“Sanders and Clinton each assigned one person to deliver expert testimony. Sanders’s expert was Matt Duss, who was then president of the Foundation for Middle East Peace and would go on to become Sanders’s foreign-policy adviser. Clinton’s expert, Robert Wexler, a former seven-term congressman from Florida who is Jewish, was introduced as ‘an outspoken advocate for the unbreakable bond between the United States and Israel.’ Wexler spoke in favor of a two-state solution and argued against including the words ‘occupation’ and ‘settlements’ in the party platform. He also spoke against the Boycott, Divestment and Sanctions (B.D.S.) movement, which seeks to exert economic, moral and political pressure on Israel to end its occupation of Palestinian territories, grant equal rights to Palestinian citizens of Israel and recognize the right of Palestinian refugees to return. ‘While some proponents of the Boycott, Divestment and Sanctions movement may hope that pressuring Israel will lead to peace, the truth is outside forces will not resolve the Israeli-Palestinian conflict,’ Wexler said. ‘Particularly when anti-Semitism is rising throughout the world, Democrats must condemn efforts to isolate and delegitimize Israel.’

      “The Sanders appointees had a different view. James Zogby took issue with Wexler’s opposition to mentioning the words ‘occupation’ and ‘settlements.’ In his opening testimony, Wexler called for a negotiated two-state solution in which Israel’s capital would be Jerusalem, long a flash point in the Israeli-Palestinian conflict, making no mention of Palestinian claims to the city, whose eastern and predominantly Palestinian half — including the Old City and the major Muslim, Christian and Jewish holy sites within it — has been occupied by Israel since 1967. Noting Wexler’s assertion that the platform shouldn’t include positions on which there still needed to be ‘delicate’ negotiations, Zogby asked pointedly: ‘Should we leave Jerusalem out of the platform? I think that would fit your notion appropriately.’

      “Wexler appealed to the longstanding U.S.-Israeli relationship: ‘Whether one agrees with Prime Minister Netanyahu or not, one point he always makes is that Israel is our one ally that never, ever has asked and I can’t imagine would ever ask for an American to do their fighting for them. Israelis fight for themselves.’ At this, an audience member called out, ‘With our money!’

      “Cornel West, a Sanders appointee, expressed concern that ‘for too long, the Democratic Party has been beholden to Aipac’ — the American Israel Public Affairs Committee, the bipartisan pro-Israel lobbying group — which ‘didn’t take seriously the humanity of Palestinian brothers and sisters.’ He added that the party was now at a ‘turning point,’ which was why he supports the B.D.S. movement, disputing the charge that it’s anti-Semitic. ‘We’ve got to fight anti-Semitism, anti-Jewish hatred,’ he said, adding: ‘It’s wrong, it’s unjust. But that cannot be the excuse for in any way downplaying the unbelievable misery that we see in Gaza and the West Bank and other places.’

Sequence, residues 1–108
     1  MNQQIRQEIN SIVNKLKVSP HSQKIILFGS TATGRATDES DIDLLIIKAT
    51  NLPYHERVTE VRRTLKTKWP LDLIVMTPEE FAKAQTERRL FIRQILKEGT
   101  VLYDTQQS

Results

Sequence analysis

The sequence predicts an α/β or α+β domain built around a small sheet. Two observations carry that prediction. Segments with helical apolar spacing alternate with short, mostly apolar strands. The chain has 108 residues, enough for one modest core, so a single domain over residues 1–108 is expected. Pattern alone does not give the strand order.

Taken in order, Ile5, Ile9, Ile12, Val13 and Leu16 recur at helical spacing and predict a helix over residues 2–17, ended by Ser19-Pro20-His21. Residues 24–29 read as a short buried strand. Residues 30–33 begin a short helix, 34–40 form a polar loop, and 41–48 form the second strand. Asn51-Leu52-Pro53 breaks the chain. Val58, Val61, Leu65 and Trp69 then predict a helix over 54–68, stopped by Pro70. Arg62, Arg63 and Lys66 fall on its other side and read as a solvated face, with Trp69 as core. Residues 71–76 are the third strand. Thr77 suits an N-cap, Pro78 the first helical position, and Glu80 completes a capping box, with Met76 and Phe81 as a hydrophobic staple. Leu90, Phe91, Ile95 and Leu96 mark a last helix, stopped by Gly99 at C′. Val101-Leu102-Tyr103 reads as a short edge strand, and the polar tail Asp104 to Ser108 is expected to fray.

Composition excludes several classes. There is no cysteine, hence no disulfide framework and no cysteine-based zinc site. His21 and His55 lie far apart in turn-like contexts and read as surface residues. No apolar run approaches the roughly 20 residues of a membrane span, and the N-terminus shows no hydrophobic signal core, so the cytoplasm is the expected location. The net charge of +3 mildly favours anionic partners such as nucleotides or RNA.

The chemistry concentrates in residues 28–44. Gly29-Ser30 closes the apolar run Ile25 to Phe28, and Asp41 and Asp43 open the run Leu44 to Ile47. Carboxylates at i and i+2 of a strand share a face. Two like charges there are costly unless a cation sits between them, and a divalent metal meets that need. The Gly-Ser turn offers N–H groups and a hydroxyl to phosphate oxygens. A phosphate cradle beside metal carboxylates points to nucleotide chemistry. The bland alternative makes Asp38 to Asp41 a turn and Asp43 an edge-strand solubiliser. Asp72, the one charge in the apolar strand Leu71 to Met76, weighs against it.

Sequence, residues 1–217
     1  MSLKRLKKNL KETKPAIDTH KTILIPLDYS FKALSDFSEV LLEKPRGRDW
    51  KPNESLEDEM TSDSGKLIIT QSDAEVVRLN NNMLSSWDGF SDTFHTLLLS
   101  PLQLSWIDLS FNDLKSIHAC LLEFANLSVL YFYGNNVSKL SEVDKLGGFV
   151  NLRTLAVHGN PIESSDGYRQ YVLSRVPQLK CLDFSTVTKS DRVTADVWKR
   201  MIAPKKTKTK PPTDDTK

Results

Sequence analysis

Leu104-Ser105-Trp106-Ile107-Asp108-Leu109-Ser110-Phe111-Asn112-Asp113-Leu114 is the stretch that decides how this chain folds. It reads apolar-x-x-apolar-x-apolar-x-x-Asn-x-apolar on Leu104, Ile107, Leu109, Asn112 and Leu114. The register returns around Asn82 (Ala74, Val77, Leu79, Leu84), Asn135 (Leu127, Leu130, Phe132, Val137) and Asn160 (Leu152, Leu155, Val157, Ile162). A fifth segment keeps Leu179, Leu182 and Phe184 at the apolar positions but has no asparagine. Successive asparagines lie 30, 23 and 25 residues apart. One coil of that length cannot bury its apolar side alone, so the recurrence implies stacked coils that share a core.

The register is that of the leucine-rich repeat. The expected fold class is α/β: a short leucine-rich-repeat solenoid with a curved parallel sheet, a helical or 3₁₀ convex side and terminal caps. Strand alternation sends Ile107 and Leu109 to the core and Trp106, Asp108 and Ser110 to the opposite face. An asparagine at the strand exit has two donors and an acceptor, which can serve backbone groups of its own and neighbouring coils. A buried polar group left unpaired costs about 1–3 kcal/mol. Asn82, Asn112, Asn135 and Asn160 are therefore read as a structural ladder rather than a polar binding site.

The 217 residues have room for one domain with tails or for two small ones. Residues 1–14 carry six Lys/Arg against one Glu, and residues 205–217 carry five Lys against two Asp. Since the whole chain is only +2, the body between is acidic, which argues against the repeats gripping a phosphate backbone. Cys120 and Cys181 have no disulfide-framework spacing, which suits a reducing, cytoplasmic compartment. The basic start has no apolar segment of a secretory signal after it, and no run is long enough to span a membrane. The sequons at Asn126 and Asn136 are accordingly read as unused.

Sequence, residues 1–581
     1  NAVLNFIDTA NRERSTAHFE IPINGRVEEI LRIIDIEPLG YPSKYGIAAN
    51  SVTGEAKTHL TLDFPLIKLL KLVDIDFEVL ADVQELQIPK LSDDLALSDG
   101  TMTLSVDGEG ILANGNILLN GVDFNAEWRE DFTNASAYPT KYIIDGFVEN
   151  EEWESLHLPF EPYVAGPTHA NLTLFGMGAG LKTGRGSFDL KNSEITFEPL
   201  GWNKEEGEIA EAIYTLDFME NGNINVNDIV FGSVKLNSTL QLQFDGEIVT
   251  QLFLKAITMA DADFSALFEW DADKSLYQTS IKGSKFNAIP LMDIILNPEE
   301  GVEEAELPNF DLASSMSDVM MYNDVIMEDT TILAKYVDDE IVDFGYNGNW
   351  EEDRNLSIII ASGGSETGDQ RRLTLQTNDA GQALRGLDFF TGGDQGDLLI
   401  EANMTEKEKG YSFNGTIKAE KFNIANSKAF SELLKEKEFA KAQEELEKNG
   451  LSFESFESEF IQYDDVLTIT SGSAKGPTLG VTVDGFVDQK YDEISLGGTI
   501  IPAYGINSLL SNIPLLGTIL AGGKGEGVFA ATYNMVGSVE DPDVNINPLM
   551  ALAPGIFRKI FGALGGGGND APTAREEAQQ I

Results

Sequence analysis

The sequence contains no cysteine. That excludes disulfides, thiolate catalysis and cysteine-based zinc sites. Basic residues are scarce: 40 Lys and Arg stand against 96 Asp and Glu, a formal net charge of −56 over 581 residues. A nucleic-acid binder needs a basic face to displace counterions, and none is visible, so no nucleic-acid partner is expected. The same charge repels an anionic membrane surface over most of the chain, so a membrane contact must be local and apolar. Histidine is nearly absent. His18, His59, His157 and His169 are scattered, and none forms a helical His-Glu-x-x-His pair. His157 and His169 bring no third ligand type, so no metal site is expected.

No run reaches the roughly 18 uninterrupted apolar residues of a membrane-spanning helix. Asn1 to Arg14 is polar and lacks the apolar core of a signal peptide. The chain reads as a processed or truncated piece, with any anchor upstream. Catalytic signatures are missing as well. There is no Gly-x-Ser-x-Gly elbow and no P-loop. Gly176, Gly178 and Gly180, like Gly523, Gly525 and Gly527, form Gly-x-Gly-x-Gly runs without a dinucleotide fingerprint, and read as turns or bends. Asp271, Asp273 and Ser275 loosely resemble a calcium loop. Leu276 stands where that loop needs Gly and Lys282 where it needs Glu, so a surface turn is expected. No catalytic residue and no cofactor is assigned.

“For the Democratic establishment, the conversation seemed to be going off the rails. Wendy Sherman, a Clinton appointee, affirmed the Democratic Party’s commitment to a two-state solution and declared, ‘Our differences are really with the Republican Party.’

      “Later that afternoon, Duss, the Sanders team’s expert, said that while ‘there is no question we should be and will be Israel’s friend in resolving this conflict,’ the United States must ‘recognize that Israel’s continued occupation of Palestinian territories and its daily restrictions on the most basic political and civil liberties of the Palestinian people run contrary to fundamental American values.’ He added that the Israeli-Palestinian conflict harmed American interests, citing remarks made at the Aspen Security Forum in 2013 by James Mattis, the former head of U.S. Central Command, who became Trump’s secretary of defense: ‘I paid a military-security price every day as the commander of Centcom because the Americans were seen as biased in support of Israel.'”